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Donation Tracking "Thermometer"

by hacker (Priest)
on Apr 03, 2003 at 18:48 UTC ( #247849=perlquestion: print w/ replies, xml ) Need Help??
hacker has asked for the wisdom of the Perl Monks concerning the following question:

This is a bit weird, so here's some background...

I host a number of community projects, mailing lists, cvs repositories, and websites on two servers, one on each coast. I pay for all the bandwidth out of pocket, currently, but the popularity of the sites I host is beginning to strain the budget. Recent statistics on the logs indicate we're pushing about 10gb/day outbound (no, it's not pr0n, filesharing, or mp3s ;).

I posted an article on advogato on this, and someone suggested (among other things) using one of those "donation thermometers" to do the tracking and incentive push for users. You've probably seen these things on the lawns of high-schools from time to time for different community drives. I think this would be a great idea.

I've got some very rudimentary log parsing code (below) that I hacked up just to see how much we're actually pushing from our servers, and was amazed at the results. I'll clean this up a bit soon, but this was a 2-minute hack just to get the values out of the logs:

use strict; # of course use File::Basename; # limit the output names use File::stat; # file size/date use File::Find; # only in `pwd` use Cwd; # lint and untaint `pwd` my ($root) = getcwd =~ /(.*)/; my $total; find( { untaint_pattern=>'.*', no_chdir => 1, wanted => sub { return unless /foo-.*\z/; my $v_snap_file = $File::Find::name; my $basefile = basename($v_snap_file); my $count = `/bin/grep $basefile \ /var/log/squid/access.log | /usr/bin/wc -l`; $count =~ s/^\s+//g; my $v_sb = stat("$v_snap_file"); my $v_filesize = $v_sb->size; my $v_bprecise = sprintf "%.0f", ($v_filesize); my $v_bsize = insert_commas($v_bprecise); my $v_kprecise = sprintf "%.0f", ($v_filesize/1024); my $v_ksize = insert_commas($v_kprecise); my $v_filedate = scalar localtime $v_sb->mtime; my $basename_v = basename($v_snap_file); print "File Name...: $basename_v\n"; print "File Size...: $v_bsize bytes ($v_ksize kb)\n"; print "Downloads...: ", insert_commas($count); my $tbytes = $v_filesize * $count; print "Total bytes.: ", insert_commas($tbytes), "\n\n"; $total += $tbytes; } }, $root); print "Final total bytes: ", insert_commas($total), "\n\n"; sub insert_commas { my $text = reverse $_[0]; $text =~ s/(\d{3})(?=\d)(?!\d*\.)/$1,/g; return scalar reverse $text; }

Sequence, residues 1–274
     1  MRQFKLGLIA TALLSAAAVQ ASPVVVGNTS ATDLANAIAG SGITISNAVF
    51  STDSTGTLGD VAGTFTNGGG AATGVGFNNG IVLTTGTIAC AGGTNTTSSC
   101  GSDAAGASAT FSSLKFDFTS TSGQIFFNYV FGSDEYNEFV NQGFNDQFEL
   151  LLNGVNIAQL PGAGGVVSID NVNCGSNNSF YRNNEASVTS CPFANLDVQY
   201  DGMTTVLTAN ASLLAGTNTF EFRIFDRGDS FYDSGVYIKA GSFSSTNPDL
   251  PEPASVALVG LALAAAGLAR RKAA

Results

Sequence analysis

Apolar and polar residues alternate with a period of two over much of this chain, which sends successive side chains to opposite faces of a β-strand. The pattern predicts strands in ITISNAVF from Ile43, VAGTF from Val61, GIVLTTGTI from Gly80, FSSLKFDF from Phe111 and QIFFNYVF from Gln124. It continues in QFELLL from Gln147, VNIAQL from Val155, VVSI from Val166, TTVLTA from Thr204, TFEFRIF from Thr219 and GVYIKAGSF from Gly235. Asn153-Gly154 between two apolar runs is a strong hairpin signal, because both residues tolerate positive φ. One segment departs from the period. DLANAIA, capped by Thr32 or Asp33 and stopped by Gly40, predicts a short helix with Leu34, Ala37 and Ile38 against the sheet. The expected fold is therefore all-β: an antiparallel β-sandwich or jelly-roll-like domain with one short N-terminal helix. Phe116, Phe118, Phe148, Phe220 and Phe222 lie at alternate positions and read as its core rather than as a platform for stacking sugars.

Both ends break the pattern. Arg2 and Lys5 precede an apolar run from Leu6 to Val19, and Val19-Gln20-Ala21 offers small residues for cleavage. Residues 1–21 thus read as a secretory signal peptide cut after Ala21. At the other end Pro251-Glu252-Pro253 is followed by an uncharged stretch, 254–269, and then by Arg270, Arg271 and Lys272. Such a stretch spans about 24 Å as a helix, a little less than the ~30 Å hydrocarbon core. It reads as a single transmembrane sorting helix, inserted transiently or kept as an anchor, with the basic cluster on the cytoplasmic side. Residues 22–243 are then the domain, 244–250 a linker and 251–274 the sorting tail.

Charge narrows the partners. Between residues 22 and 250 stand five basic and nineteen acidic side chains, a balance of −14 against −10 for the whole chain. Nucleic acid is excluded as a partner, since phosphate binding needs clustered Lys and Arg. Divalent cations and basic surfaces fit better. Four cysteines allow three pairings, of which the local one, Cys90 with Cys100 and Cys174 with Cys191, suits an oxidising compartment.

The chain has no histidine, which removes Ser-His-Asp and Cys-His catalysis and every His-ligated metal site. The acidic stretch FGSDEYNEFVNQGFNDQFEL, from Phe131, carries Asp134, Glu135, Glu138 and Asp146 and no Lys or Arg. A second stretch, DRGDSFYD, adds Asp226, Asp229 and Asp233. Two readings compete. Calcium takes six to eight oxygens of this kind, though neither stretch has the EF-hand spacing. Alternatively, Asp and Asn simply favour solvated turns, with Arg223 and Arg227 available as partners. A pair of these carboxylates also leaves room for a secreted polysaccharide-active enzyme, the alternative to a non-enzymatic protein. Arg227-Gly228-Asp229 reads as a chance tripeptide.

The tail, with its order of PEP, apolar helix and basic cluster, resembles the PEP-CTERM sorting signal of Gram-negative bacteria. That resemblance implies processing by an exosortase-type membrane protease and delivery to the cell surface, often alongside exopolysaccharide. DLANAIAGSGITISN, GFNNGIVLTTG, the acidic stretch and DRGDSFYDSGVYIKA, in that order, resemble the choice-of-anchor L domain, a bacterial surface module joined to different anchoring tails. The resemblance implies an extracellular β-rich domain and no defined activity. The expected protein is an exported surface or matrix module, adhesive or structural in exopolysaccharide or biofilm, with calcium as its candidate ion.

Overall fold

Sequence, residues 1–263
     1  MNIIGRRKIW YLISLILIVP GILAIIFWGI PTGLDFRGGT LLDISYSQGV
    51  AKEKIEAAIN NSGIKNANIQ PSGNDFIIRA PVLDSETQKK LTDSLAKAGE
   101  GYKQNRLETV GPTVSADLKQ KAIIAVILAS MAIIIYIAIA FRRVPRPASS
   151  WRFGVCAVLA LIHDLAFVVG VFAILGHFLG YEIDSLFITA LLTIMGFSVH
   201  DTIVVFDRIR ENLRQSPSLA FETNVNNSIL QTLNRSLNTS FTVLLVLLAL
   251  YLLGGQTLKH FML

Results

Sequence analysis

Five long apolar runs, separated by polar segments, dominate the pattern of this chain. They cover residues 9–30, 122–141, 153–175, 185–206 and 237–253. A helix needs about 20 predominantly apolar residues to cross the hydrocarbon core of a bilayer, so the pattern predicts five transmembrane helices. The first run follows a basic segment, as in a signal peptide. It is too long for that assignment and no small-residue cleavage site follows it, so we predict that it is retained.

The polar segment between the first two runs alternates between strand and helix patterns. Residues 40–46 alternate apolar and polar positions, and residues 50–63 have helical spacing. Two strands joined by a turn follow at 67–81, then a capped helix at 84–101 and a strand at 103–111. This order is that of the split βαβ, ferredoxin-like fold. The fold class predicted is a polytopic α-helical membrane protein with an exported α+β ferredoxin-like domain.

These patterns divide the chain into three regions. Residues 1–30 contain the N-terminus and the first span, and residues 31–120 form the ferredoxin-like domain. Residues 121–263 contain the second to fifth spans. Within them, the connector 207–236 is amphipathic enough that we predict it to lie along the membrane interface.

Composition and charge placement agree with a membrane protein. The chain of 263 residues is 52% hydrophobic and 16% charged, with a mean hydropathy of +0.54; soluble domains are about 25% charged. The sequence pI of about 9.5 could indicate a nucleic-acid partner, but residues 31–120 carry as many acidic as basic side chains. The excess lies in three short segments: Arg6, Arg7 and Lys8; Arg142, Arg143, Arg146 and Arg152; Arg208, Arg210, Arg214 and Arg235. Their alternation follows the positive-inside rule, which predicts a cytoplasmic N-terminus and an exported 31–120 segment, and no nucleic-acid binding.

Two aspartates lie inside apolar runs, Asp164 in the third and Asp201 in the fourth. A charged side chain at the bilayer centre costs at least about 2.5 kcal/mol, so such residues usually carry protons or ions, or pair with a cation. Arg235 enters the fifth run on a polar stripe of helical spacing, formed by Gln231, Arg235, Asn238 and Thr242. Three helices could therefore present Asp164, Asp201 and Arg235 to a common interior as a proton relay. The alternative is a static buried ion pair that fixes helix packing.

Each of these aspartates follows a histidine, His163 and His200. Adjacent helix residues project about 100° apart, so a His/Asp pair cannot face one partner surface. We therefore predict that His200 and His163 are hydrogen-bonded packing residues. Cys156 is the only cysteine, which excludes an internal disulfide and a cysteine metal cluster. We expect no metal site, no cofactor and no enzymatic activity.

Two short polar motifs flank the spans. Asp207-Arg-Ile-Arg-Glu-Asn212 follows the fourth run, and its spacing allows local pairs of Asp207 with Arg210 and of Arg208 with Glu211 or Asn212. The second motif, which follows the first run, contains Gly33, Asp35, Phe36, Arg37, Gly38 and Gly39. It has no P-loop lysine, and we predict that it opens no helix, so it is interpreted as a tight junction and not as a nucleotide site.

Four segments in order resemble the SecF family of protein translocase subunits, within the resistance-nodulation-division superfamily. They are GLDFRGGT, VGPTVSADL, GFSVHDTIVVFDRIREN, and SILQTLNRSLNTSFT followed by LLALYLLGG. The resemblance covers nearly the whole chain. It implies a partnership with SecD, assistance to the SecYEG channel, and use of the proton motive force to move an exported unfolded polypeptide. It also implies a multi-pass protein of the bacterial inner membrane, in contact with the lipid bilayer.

This code works, and produces output like:

File Name...: foo_bin-1.2.tar.gz File Size...: 1,200,837 bytes (1,173 kb) Downloads...: 448 Total bytes.: 537,974,976 File Name...: foo-desktop-1.2.0.0.i386.rpm File Size...: 2,022,261 bytes (1,975 kb) Downloads...: 163,976 Total bytes.: 331,602,269,736 ... Final total bytes: 532,767,443,273

So far, so good. I can get the sizes and total size (not the most efficient way, considering the size of the logs, but it'll do in a cronjob).

These projects also have donation buttons to PayPal on them (yes, I know, PayPal.. but it's convenient for the users) and I have perl code (below) that can log into PayPal and extract the payment history as a flat HTML file.